The Henderson Center was founded in 1985 as The Henderson Center Chiropractic Clinic in King of Prussia, Montgomery County, Pennsylvania, but was strictly a chiropractic clinic until 1993, when Dr. M Jonathan Garzillo, a chiropractor, joined the Center. Since then, the Center has expanded beyond just chiropractic to become a multi-specialty pain management practice, incorporating massage therapies, shiatsu therapy and chiropractic care. Dr. Garzillo also brought a simple philosophy to the Henderson Center. Instead of trying to prolong care, the Center works to relieve patients of their pain in the shortest time possible. I ... View Profile
One of the most common questions that people ask is around the safety of chiropractic care. So, how safe is it? According to the American Chiropractic Association, “Chiropractic is widely recognized as one of the safest drug-free, non-invasive therapies available for the treatment of back pain, neck pain, joint pain of the arms or legs, headaches, and other neuromusculoskeletal complaints.” While chiropractic is considered a safe complementary therapy, there can be some potential side effects, like soreness following a spinal manipulation.
Spinal manipulation is associated with frequent, mild and temporary adverse effects, including new or worsening pain or stiffness in the affected region. They have been estimated to occur in 33% to 61% of patients, and frequently occur within an hour of treatment and disappear within 24 to 48 hours; adverse reactions appear to be more common following manipulation than mobilization. The most frequently stated adverse effects are mild headache, soreness, and briefly elevated pain fatigue. Chiropractic is correlated with a very high incidence of minor adverse effects. Chiropractic are more commonly associated with serious related adverse effects than other professionals following manipulation. Rarely, spinal manipulation, particularly on the upper spine, can also result in complications that can lead to permanent disability or death; these can occur in adults and children. There is a case of a three-month-old dying following manipulation of the neck area. Estimates vary widely for the incidence of these complications, and the actual incidence is unknown, due to high levels of underreporting and to the difficulty of linking manipulation to adverse effects such as stroke, which is a particular concern. Adverse effects are poorly reported in recent studies investigating chiropractic manipulations. A 2016 systematic review concludes that the level of reporting is unsuitable and unacceptable. Reports of serious adverse events have occurred, resulting from spinal manipulation therapy of the lumbopelvic region. Estimates for serious adverse events vary from 5 strokes per 100,000 manipulations to 1.46 serious adverse events per 10 million manipulations and 2.68 deaths per 10 million manipulations, though it was determined that there was inadequate data to be conclusive. Several case reports show temporal associations between interventions and potentially serious complications. The published medical literature contains reports of 26 deaths since 1934 following chiropractic manipulations and many more seem to remain unpublished.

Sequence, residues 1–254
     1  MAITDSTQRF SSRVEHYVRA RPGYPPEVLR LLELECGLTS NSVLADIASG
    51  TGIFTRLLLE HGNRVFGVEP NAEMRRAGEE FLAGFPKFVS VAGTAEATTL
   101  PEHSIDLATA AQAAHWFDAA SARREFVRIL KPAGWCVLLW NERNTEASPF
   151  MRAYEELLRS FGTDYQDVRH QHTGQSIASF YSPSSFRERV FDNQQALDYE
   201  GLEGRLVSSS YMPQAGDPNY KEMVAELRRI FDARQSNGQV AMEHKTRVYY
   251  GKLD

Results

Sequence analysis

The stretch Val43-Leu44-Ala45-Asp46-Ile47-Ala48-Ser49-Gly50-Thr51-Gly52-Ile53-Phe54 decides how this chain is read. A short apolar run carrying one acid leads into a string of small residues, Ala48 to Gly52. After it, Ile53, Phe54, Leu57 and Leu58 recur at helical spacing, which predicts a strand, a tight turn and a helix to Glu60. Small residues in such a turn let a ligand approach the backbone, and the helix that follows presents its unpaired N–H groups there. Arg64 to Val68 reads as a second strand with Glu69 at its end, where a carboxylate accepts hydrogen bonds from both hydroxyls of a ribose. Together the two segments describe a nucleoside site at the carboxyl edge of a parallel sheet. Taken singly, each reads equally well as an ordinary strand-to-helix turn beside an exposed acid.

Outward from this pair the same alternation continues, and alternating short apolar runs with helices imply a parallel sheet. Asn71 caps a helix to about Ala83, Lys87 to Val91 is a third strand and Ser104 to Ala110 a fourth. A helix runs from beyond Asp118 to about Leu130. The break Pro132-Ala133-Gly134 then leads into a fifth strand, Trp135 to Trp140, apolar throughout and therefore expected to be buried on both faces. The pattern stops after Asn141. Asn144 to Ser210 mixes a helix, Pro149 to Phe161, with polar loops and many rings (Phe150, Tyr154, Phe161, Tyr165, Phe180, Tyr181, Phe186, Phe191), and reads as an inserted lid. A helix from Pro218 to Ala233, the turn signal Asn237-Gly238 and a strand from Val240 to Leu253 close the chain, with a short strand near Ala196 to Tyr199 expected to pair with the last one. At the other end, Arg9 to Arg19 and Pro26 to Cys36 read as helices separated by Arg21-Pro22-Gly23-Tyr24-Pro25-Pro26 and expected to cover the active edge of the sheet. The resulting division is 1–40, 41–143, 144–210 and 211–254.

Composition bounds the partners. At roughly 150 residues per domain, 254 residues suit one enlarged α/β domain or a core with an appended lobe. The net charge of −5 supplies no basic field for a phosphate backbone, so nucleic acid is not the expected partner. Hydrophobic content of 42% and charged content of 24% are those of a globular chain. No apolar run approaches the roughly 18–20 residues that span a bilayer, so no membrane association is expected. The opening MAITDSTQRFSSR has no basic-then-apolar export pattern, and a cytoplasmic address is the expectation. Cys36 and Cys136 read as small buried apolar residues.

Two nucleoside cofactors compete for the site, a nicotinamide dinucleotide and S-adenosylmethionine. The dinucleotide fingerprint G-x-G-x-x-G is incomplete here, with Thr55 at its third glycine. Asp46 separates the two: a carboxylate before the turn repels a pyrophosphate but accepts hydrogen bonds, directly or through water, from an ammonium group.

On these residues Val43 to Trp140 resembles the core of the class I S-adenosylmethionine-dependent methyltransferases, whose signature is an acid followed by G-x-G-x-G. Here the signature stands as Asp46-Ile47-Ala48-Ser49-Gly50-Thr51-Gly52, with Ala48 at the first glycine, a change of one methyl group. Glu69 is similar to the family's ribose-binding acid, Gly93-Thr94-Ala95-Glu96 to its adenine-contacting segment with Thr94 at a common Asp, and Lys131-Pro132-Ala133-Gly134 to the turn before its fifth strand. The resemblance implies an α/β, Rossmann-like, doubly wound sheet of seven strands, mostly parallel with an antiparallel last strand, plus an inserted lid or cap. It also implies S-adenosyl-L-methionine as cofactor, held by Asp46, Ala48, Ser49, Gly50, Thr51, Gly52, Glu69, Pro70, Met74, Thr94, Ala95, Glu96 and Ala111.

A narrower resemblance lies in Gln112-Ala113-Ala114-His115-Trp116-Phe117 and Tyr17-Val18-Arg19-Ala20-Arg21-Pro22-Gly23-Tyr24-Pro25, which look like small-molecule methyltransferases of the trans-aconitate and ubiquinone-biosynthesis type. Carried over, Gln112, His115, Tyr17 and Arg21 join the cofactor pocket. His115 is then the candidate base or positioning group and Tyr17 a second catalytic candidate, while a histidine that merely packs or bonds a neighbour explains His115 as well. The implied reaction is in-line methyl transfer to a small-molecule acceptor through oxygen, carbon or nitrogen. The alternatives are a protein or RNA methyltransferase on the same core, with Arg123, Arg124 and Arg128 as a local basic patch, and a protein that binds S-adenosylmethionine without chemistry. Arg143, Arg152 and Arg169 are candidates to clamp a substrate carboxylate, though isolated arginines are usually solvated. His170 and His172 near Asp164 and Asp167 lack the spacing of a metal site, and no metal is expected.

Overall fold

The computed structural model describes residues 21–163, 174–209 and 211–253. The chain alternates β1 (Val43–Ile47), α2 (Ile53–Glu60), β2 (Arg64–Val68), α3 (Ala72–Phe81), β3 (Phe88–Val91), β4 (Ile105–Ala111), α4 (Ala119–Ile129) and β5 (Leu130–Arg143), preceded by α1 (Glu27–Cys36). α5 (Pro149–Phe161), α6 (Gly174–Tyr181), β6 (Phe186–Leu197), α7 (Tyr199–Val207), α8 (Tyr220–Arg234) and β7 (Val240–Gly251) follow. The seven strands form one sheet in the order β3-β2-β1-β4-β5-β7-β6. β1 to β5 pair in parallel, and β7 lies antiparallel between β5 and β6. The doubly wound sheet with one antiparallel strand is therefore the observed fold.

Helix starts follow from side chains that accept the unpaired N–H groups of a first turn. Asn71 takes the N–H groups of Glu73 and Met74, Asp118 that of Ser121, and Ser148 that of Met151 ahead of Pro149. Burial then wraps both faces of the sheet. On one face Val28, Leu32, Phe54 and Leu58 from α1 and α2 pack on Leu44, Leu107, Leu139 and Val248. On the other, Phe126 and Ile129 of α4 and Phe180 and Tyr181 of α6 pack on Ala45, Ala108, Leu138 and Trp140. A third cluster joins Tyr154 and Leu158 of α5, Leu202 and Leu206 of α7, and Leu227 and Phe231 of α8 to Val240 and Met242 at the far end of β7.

Palmer hypothesized that vertebral joint misalignments, which he termed vertebral subluxations, interfered with the body's function and its inborn ability to heal itself. D. D. Palmer repudiated his earlier theory that vertebral subluxations caused pinched nerves in the intervertebral spaces in favor of subluxations causing altered nerve vibration, either too tense or too slack, affecting the tone (health) of the end organ. D. D. Palmer, using a vitalistic approach, imbued the term subluxation with a metaphysical and philosophical meaning. He qualified this by noting that knowledge of innate intelligence was not essential to the competent practice of chiropractic. This concept was later expanded upon by his son, B. J. Palmer, and was instrumental in providing the legal basis of differentiating chiropractic from conventional medicine. In 1910, D. D. Palmer theorized that the nervous system controlled health:
Some symptoms associated with neck pain could indicate the health of a nerve root or the spinal cord is at risk, or perhaps there is an underlying disease or infection. These symptoms can include radiating pain, tingling, numbness, or weakness into the shoulders, arm, or hands; neurological problems with balance, walking, coordination, or bladder and bowel control; fever or chills; and other troublesome symptoms.
Spinal stenosis is narrowing of the spinal canal that causes compression of the spinal cord (cervical myelopathy). The narrowing is caused by disc bulging, bony spurs, and thickening of spinal ligaments. The squeezing of the spinal cord may not cause neck pain in all cases but is associated with leg numbness, weakness, and loss of bladder or rectum control.
Reviews of research studies within the chiropractic community have been used to generate practice guidelines outlining standards that specify which chiropractic treatments are "legitimate" (i.e. supported by evidence) and conceivably reimbursable under managed care health payment systems. Evidence-based guidelines are supported by one end of an ideological continuum among chiropractors; the other end employs antiscientific reasoning and makes unsubstantiated claims. Chiropractic remains at a crossroads, and that in order to progress it would need to embrace science; the promotion by some for it to be a cure-all was both "misguided and irrational". A 2007 survey of Alberta chiropractors found that they do not consistently apply research in practice, which may have resulted from a lack of research education and skills.